By Neha Kirpal
Sydney-based radio broadcaster, author, sustainability and climate-resilience consultant, and educator, Dr Shailja Chandra is multifaceted to say the least. It is the rich blend of all these interests that keeps her inspired, open, curious and hungry and satisfied all at once. “I do work on multiple streams of creativity, broadcasting, teaching and consultancy but all these streams flow towards one ocean,” she explains.
When she graduated from IIT Roorkee in 1995 and subsequently moved to Australia, all she wanted to do was complete her Master’s in built environment (sustainable development) and Ph.D. in sustainable buildings from the University of New South Wales, and find a decent job.
After 13 years of corporate life in sustainability advisory, her colleagues were puzzled about her decision to resign one day to pursue her “creative dreams”. “Little did I know then that the pursuit will be stumbling, humbling, yet deeply transformational and stunningly soul-stretching,” she looks back.
Working as a radio broadcaster in Sydney, where she interacted with several Indian artists, musicians, filmmakers, and authors, she got the opportunity to interview Urdu poet, lyricist, author, screenwriter and film director Gulzar.
The meeting laid the seeds of Chandra’s debut book The Moonsmith Gulzar (2021). The book is a tribute to Gulzar’s relatable writing, his stirring lyrics and his poetic renderings of life’s greatest dilemmas. The Bollywood legend later said it was the “best work on my works so far”. The book is slated to launch in India this April.
Currently, Chandra runs her own consultancy in sustainability and climate resilience and also teaches these subjects. Her consultancy focuses on shifting perspectives on how to design, build and operate buildings and infrastructure to minimise their impacts on the environment and increase their resilience in the face of imminent ecological and climate change. She also delivers guest lectures at the University of Sydney.
“My work in the climate resilience space fills me with equal hope and dread about the actions and inactions on climate,” she says. The subject is one of the themes in her next book, a work of fiction.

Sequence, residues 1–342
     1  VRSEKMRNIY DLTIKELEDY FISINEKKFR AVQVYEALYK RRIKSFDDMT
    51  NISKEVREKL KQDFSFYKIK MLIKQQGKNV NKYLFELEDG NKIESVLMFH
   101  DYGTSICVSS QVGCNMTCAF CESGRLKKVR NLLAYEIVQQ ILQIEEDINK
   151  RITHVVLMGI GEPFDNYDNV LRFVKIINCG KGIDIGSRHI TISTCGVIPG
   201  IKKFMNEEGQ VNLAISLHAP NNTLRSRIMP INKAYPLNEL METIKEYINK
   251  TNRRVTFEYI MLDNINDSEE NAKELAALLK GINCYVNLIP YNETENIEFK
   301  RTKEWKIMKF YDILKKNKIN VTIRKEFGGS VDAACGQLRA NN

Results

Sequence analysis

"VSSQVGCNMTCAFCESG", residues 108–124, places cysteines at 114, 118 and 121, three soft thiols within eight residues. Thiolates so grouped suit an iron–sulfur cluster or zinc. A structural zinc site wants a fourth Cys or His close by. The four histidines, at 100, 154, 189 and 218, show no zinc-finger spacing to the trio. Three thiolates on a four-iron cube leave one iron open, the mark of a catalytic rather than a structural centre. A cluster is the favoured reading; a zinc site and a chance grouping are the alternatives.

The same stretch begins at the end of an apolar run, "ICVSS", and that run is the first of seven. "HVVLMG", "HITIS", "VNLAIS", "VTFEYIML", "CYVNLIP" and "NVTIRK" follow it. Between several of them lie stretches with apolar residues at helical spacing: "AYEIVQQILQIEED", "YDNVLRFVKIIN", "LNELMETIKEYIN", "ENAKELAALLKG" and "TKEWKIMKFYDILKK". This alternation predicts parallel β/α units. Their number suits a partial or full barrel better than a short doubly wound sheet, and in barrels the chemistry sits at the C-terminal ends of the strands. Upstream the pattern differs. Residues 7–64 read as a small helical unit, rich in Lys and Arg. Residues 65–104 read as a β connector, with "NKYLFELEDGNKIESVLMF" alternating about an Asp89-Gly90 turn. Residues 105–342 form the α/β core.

Though also an “accidental radio broadcaster” for the past 12 years, her parallel profession has slowly grown to be a significant aspect of her thinking and sanity – and proved to be truly transformational for her inner and outer world, she says. Through her radio shows, she actively engages with the Indian Australian community on matters relevant to both countries.
Her fortnightly podcast Mukhtasar Si Baat with Shailja brings together her deep curiosity about the human condition combined with her love for retro Hindi songs. The podcast was featured on Gaana’s Top 10 Podcasts (English) for several weeks after its launch.
The short length podcast has her discussing how sometimes cherished, familiar songs can unravel fresh perspectives and unfurl new threads of understandings. In some episodes, she has also included her own renditions.
“[These songs reveal] insights about our failings and fulfilments, our despairs and desires, and our love and longings; insights that speak to us individually yet revealing our collective human condition. What makes a song, a ghazal or a poem beautiful, nuanced and persuasive is when we hear it at the right moment in our emotional, intellectual or literary journey,” she elaborates.
Chandra is a strong advocate of the fact that “we must honour, and if possible, celebrate our imperfections and vulnerabilities”. “Through my work, I wish to be a bearer of the message that we are in this together. To be able to see ourselves as a part of larger humanity and recognise that our struggles, sufferings and failings are not personal – these are our human condition,” she says.
“A scholar of life” as she calls herself, Chandra draws inspiration from all forms of art, language, literature and nature. Listening to great writers and persuasive thinkers such as Gulzar, Yuval Harare, Alain De Botton and Eckhart Tolle helps her to recalibrate and realign her thought process. “Their incisive commentary, brevity of expression or conscientious reflections are awe-inspiring and constant sources of inspiration for me,” she says.
Gardening and travelling also keep her engaged and on her feet. “I believe that there is no friend more intimate than a city you have walked, laughed, cried and dined in,” she says. During her travels, she loves to photograph elements of nature and its intersection with urban design, all sorts of street art, laneways and iconic elements of cities.
Chandra is driven by a vision to “cultivate transformational collaborations and conversations – drawing on the consolations of our collective human condition and the shared beauty of our existence, and the meaning and solace these can lend to our lives”.
This, she says, is in response to “the rising sense of meaninglessness and insignificance that the hardworking cogs of the urban machinery are feeling despite their prosperous, healthy and socially buzzing lives.”
She is also actively involved in curating powerful stories and diverse voices on the dynamics of climate change in Australia and how it is shaping households, communities and connections with their environment. In mid-2023, she is running a series of workshops in partnership with a climate-change centre in Australia. “I believe in being open to change, recalibrations and reinventing. Continuing to have a transformational and inspiring journey is perhaps my only long-term goal,” she concludes.
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